Everyone has lost their shit about coronavirus as if lives lost this way are worth orders of magnitude more than lives lost any other way. In two to three weeks time the reality will set in that there are real costs of locking down society that can be measured both in value of resources wasted and in blood. All perspective has been lost at present.

If only I’d written years instead of weeks, then it would have been spot on.

As someone who has thought about health policy, well-being, and trade-offs for many years, my first reaction to the media coverage of COVID and the mystery China virus was to ask the following question: What is the normal number of deaths in a city the size of Wuhan? Without this context, all the media coverage made no sense. A city with 12 million people can expect about 96,000 deaths a year. That’s 264 a day.

So when I read headlines like “Death toll rises to 600” and that smoke from crematoriums working overtime was filling the city, I had a reasonable baseline from which to sniff out nonsense. The numbers mattered then and they still matter now.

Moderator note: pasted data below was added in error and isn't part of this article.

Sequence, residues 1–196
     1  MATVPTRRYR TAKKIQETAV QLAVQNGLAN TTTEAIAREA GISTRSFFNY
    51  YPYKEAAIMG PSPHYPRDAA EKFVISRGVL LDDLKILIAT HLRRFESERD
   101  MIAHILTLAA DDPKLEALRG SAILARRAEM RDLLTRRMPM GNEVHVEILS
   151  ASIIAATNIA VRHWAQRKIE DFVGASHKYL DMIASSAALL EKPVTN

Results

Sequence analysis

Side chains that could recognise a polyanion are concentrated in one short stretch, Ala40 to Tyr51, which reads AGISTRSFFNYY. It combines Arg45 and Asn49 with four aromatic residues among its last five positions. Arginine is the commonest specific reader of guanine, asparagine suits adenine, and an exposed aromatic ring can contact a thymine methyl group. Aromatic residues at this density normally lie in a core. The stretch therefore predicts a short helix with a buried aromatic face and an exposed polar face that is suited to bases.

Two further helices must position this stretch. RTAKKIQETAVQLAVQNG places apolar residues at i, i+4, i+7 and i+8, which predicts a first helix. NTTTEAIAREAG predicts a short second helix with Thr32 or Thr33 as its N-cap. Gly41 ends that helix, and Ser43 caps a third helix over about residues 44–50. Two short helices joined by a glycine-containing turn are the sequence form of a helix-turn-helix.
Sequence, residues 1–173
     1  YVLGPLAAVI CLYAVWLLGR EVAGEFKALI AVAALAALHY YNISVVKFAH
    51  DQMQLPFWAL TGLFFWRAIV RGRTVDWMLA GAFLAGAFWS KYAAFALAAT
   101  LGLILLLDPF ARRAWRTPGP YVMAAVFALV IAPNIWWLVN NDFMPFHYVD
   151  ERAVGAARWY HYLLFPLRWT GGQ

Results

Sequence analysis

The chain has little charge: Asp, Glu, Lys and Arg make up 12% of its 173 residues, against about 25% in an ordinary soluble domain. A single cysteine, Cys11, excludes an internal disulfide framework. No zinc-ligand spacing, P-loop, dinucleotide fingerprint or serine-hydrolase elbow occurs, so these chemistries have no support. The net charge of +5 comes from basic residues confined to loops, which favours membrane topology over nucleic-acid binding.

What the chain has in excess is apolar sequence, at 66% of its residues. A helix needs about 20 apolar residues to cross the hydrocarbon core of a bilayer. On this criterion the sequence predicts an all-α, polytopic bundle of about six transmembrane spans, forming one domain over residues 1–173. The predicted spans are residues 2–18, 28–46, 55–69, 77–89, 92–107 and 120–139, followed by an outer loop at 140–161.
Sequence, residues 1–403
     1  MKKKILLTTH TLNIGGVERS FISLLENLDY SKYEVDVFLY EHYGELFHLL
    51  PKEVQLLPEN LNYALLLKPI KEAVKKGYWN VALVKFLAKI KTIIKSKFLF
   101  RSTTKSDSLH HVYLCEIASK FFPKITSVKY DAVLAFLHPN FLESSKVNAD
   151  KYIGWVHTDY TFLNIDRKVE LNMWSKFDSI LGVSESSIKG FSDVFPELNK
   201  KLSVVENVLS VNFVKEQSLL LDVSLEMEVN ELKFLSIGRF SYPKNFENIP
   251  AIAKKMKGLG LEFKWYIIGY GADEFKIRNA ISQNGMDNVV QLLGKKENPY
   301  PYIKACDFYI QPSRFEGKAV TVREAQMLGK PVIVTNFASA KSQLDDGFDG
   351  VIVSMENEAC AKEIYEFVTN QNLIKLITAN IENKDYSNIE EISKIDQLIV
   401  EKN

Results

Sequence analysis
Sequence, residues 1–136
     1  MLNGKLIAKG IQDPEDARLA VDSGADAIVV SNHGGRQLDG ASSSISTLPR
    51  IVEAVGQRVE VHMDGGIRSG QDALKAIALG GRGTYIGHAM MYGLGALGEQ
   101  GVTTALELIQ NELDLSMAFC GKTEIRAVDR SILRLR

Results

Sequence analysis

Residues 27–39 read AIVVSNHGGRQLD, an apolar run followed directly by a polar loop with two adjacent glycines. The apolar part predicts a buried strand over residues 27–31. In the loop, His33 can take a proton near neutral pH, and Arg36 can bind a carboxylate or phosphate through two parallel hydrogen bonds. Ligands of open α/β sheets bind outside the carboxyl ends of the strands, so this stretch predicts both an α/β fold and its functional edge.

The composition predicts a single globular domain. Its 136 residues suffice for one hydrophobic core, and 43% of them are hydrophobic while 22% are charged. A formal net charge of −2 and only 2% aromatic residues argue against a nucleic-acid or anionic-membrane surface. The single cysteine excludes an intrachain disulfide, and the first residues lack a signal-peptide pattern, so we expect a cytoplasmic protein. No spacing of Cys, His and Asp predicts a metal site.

If you search online for news articles of COVID or coronavirus deaths from February 2020 you will see just how small the death numbers are and how crazed and fearful the reporting was. Some of the reporting just had made-up figures, with orders of magnitude differences from one article to the next. No one really cared.

Even at this early stage, the lack of deadliness of the virus was becoming clear for those who wanted to find out. The case fatality rate was likely to be sub 0.7%, even with relatively limited testing (i.e. 0.7% of known cases, not all cases). Clearly, this implied that early estimates were hugely biased because infections were far more widespread than initially assumed.   

The Diamond Princess cruise ship had 3,711 people on board and had 14 deaths.  On this cruise, 0.37% of people died over a two month period. Is that good or bad?

We know that background mortality is about 0.8%. So every two months you can expect 0.13% of people to die. But this is across the whole age distribution. Even a small skew towards the elderly massively increases this number. For example, in your 80s you have a one in twenty chance of dying each year on average. In your 90s, a one in five chance.

The age distribution of the Diamond Princess was super high, so 0.37% of people dying within two months is totally within the normal range.

We knew this in March 2020.

Image source:

We already knew then from the Italian outbreak that the average age of COVID deaths was higher than deaths from all other causes combined.